ForeWord Reviews

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Doing the Works of Jesus

Book 1: Becoming a Disciple Who Loves

Clarion Review (4 Stars)

Drake’s book gives Christian readers the foundational knowledge and empowerment to embody Jesus’s transformational love.

Becoming a Disciple Who Loves, the first volume of Doing the Works of Jesus by Alan Drake, provides a brief but powerful answer to the question, “How do I imitate Christ’s love in my own life?”

The book’s organization, which is reflected well in the table of contents, is simple. Readers who want to follow Christ’s example of love will find a strong call to love, the tools and disciplines needed to live a life of love, and an everyday understanding of how powerful such a life can be.

After briefly describing every Christian’s call to ministry, its biblical basis, and the growth pattern that allows people to live out the call, chapter 4 ushers in the strongest part of the book—the general who-what-when-where-how of loving like Christ. The T-chart in chapter 4 provides scriptural examples of Jesus’s “in church” and “outside of church” ministry, and it also gives an at-a-glance look at the weight Jesus placed on showing love outside the traditional confines of religious life.

Drake’s view of faith, hope, and love as stages (rather than just parts) of the Christian life will be new to many readers. His scriptural examples from Jesus’s and Abraham’s lives bolster his perspective, but readers may struggle to see the three stages demarcated so noticeably in their own lives. Because of the brevity of the book and the variety of readers’ life circumstances, the text leaves these personal specifics entirely up to readers (such as how to apply the information to their family or work situation). Including more real-life stories, perhaps as sidebars, would help readers see examples that they can use as models for their own experiences.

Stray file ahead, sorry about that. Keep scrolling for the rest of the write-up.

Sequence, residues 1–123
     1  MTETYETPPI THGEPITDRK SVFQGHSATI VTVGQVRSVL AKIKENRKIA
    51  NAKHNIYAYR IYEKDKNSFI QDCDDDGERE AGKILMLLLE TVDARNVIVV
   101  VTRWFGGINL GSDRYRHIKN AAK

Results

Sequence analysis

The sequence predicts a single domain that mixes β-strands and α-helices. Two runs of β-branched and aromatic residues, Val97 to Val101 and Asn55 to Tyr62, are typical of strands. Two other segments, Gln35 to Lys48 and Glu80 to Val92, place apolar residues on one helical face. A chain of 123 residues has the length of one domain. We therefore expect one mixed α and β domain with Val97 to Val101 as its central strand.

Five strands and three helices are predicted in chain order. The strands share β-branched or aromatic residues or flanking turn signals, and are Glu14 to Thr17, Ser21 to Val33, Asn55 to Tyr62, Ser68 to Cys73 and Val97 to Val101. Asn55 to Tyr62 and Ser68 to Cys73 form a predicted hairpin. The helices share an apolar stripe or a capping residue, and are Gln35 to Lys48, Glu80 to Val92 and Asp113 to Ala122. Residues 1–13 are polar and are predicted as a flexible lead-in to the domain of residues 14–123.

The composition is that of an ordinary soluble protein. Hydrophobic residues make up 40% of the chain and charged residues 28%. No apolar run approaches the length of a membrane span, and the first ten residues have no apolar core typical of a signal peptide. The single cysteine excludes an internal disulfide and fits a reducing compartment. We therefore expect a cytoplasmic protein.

The volume title, Becoming a Disciple Who Loves, gives readers a sense that the book is the beginning of a process of becoming—beckoning readers into a new lifestyle of love. The cover image is warm and inviting and parallels the book’s main topic: the love of Jesus. The writing is welcoming like the cover image, but it’s not fluffy—Drake gets down to practical, empowering information right away. His logic is clear and well documented in its biblical roots. The interior typeface is well spaced and visually appealing, but indenting bullets and using a different font for block quotations of scripture would give the text a more overt visual organization. This would highlight the practical, easy-to-digest nature of the book and the intense scriptural credibility represented by the sheer volume of scripture used. Italics are overused for emphasis in both the main text and the quoted biblical passages.

Drake’s book offers Christian readers foundational knowledge and empowerment that will help them embody Jesus’s transformational love.

Melissa Wuske